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January 6, 2023 - 7:04pm

According to data released today by the US Bureau of Labor Statistics, the national construction industry added 28,000 jobs on net in December.

Key Takeaways


Press Release from Associated Builders and Contractors, Inc (ABC)

Construction Employment Up By 28,000 in December, Says ABC

WASHINGTON, Jan. 6—The construction industry added 28,000 jobs on net in December, according to an Associated Builders and Contractors analysis of data released today by the U.S. Bureau of Labor Statistics. On a year-over-year basis, industry employment has risen by 231,000 jobs or 3.1%.

Nonresidential construction employment increased by 17,900 positions on net, with growth in all three subcategories. Nonresidential specialty trade contractors added 10,200 net new jobs, while nonresidential building and heavy and civil engineering added 5,800 and 1,900 jobs, respectively.

The construction unemployment rate rose to 4.4% in December. Unemployment across all industries declined from 3.6% in November to 3.5% last month.

“This employment report indicates that contractors collectively remain in expansion mode despite rising costs of capital and fears of recession,” said ABC Chief Economist Anirban Basu. “Consistent with upbeat assessments of construction activity late last year, nonresidential contractors continue to ramp up staffing in the context of elevated backlog. In ABC’s Construction Confidence Index, contractors indicated that both sales and employment would continue to rise over the next six months."

“There was additional good news emerging from the overall U.S. economy,” said Basu. “Though the labor market remains strong and job creation persists, there are indications that wage pressures are easing. Nonetheless, the Federal Reserve will continue to raise interest rates to restore inflation to its 2% target, with the implication that a recession remains a real possibility in 2023. Based on historical precedent, that could produce more challenging times for contractors in 2024 and/or 2025.”


Press Release from Associated General Contractors of America (AGC)

Construction Adds 28,000 Employees In December And Raises Pay 6.1 Percent As Sector’s Unemployment Rate Hits Record December Low Of 4.4 Percent

Association Survey Finds Contractors Optimistic about Adding Workers in 2023 But Worried about Finding Enough Workers to Fill Positions; Calls for Immigration Reform and Investments in Construction Education

Construction firms added 28,000 employees in December and continued to raise wages for hourly workers more than other sectors as the industry’s unemployment rate fell to a record low for the month, according to an analysis by the Associated General Contractors of America of new government data. Association officials said the data align with their newly released survey, which found the majority of contractors are optimistic about demand for most construction types, despite reporting difficulty filling positions.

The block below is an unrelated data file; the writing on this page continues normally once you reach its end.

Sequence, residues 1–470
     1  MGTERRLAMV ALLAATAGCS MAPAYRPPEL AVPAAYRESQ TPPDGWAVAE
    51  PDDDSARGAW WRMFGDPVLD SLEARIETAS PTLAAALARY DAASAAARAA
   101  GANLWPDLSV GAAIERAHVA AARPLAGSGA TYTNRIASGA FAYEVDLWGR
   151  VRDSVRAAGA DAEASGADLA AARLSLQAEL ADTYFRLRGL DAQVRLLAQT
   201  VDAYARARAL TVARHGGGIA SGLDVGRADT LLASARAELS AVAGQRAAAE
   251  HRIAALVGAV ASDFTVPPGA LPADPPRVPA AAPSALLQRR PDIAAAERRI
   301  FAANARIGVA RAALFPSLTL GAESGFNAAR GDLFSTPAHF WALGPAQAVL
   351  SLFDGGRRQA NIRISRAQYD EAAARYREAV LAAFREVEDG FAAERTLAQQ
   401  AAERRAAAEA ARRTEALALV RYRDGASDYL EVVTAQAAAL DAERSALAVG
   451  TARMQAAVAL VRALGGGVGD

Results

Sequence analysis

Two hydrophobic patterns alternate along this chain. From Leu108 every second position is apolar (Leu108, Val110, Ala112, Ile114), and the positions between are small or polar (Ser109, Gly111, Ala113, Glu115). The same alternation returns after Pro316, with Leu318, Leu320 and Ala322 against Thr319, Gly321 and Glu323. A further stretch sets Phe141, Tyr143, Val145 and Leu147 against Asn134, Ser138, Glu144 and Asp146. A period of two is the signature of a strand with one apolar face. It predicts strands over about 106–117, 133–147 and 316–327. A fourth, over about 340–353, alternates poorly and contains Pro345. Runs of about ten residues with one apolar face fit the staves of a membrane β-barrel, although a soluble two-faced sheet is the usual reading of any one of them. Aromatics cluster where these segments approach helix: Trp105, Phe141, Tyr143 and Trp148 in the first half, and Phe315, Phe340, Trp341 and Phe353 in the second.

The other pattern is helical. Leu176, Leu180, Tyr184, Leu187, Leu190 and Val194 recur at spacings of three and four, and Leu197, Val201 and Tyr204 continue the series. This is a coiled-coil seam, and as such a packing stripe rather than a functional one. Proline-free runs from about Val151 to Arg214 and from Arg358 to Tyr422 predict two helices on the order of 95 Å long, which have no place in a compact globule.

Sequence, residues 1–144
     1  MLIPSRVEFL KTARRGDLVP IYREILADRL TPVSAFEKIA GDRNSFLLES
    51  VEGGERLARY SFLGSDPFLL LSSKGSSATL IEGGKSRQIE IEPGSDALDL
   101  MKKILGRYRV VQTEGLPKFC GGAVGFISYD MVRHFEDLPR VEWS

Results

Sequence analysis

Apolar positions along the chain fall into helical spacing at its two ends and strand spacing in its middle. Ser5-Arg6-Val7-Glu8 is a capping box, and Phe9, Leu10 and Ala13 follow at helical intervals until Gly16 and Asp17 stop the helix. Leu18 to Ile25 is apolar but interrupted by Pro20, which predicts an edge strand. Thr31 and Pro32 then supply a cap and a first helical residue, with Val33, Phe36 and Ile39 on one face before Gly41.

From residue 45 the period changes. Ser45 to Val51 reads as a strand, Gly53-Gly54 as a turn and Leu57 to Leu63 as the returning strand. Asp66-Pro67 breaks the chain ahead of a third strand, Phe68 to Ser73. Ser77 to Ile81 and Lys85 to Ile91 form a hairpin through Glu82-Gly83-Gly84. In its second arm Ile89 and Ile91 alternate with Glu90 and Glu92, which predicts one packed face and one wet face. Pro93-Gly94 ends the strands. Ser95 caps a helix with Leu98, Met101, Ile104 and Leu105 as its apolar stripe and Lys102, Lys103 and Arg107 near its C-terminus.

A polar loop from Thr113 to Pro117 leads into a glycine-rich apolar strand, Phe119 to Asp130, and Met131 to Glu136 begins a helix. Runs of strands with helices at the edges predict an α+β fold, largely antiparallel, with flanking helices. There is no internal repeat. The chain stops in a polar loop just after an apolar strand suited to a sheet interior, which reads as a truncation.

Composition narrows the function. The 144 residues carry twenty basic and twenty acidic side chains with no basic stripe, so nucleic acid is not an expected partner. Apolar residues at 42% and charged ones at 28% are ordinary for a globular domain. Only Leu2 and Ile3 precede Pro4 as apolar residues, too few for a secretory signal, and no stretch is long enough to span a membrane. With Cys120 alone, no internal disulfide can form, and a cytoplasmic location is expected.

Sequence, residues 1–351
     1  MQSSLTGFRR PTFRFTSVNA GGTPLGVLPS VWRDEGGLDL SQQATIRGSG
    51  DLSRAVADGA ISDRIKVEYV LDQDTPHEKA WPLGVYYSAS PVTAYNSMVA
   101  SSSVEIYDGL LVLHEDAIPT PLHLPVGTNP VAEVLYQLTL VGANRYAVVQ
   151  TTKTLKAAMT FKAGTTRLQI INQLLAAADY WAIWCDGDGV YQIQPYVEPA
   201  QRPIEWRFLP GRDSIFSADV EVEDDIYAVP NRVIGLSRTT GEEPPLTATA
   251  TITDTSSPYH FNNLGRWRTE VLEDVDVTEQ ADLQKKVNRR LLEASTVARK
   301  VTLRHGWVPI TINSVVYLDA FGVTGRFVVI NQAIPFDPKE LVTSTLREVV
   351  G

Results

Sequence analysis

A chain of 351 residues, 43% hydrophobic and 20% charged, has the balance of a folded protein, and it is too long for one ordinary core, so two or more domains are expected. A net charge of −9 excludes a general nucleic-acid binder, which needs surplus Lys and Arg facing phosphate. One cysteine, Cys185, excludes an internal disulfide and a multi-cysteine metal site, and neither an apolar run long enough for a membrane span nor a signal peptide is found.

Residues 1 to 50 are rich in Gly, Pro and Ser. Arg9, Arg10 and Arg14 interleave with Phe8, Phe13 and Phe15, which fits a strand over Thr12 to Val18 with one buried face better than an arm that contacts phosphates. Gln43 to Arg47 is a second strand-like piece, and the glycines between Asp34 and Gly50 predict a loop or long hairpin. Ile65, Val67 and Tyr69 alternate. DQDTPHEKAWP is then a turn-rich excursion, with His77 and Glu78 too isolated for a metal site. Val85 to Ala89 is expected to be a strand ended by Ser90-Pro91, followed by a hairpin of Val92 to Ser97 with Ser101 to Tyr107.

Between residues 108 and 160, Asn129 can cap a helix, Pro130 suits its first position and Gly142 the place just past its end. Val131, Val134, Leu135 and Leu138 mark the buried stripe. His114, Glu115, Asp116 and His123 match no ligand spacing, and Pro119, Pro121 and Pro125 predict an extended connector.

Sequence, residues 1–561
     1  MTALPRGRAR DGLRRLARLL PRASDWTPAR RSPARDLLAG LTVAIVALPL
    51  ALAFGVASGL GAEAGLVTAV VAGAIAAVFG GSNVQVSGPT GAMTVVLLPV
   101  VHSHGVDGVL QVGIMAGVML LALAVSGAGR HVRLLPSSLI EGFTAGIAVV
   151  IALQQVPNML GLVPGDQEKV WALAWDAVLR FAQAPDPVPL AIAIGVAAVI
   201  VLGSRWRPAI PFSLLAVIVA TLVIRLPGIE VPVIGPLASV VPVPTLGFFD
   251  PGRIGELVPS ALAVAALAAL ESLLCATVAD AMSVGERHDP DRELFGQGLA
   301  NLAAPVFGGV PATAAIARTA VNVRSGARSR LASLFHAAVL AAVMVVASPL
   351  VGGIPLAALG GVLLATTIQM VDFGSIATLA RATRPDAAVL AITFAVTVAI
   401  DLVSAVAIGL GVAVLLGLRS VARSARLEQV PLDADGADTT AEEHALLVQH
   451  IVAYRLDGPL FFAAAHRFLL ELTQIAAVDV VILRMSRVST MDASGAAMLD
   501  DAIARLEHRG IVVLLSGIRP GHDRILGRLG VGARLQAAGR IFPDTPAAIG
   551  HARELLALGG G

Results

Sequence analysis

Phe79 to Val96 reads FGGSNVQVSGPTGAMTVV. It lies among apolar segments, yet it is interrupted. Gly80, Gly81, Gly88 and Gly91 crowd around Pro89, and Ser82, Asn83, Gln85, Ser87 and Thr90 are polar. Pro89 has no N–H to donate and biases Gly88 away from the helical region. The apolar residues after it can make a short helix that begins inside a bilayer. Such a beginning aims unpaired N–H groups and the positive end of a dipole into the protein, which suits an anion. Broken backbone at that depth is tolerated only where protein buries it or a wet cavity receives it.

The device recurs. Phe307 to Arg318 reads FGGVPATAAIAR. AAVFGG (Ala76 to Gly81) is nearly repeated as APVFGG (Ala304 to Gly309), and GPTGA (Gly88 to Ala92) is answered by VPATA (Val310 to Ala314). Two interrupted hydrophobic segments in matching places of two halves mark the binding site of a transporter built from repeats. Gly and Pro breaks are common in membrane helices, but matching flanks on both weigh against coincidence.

“There are more people working in construction today than ever before, and those figures are likely to continue to increase,” said Ken Simonson, the association’s chief economist. “But as optimistic as contractors are about 2023, they remain worried about their ability find enough workers amid record-low unemployment.”

Construction employment totaled a record 7,777,000, seasonally adjusted, in December, an increase of 231,000 or 3.1 percent from a year earlier. Nonresidential firms—comprising nonresidential building and specialty trade contractors along with heavy and civil engineering construction firms—added 17,900 employees in December. Residential building and specialty trade contractors together added 9,500 employees.

Pay levels in the construction industry continued to increase in December at a faster pace than in the overall private sector. Average hourly earnings for production and nonsupervisory workers in construction—mostly hourly craft workers—climbed by 6.1 percent, from $31.25 in December 2021 to $33.15 last month. That increase exceeded the 5.0 percent rise in average pay for all private sector production workers. Such workers in construction now earn an average of 18.1 percent more per hour than in the private sector as a whole.

The unemployment rate among jobseekers with construction experience declined from 5.0 percent in December 2021 to 4.4 percent last month, while the number of unemployed construction workers fell by 11 percent, from 497,000 in December 2021 to 443,000. Last month’s figures were the lowest ever for December.

Simonson noted that the association’s 2023 Construction Hiring & Business Outlook survey, conducted with Sage, found 69 percent of the more than 1,000 responding construction firms expect to increase their headcount in 2023, compared to 11 percent that expect a decrease. However, 80 percent of firms report having a hard time filling positions, compared to only 8 percent that report no difficulty.

Association officials urged Congress and the Biden administration to work on immigration reform measures that will allow more people with construction experience to legally enter the country and work in the sector. They also urged officials to close a federal funding gap that currently invests $5 in students planning to attend college for every dollar it invests in preparing students for high paying careers in sectors like construction.

“Considering where federal officials put their money, it is no surprise that contractors are having a hard time finding workers to hire,” said Stephen E. Sandherr, the association’s chief executive officer. “As much as they talk about rebuilding our economy, federal officials still don’t seem ready to invest in the people needed to do all that building.”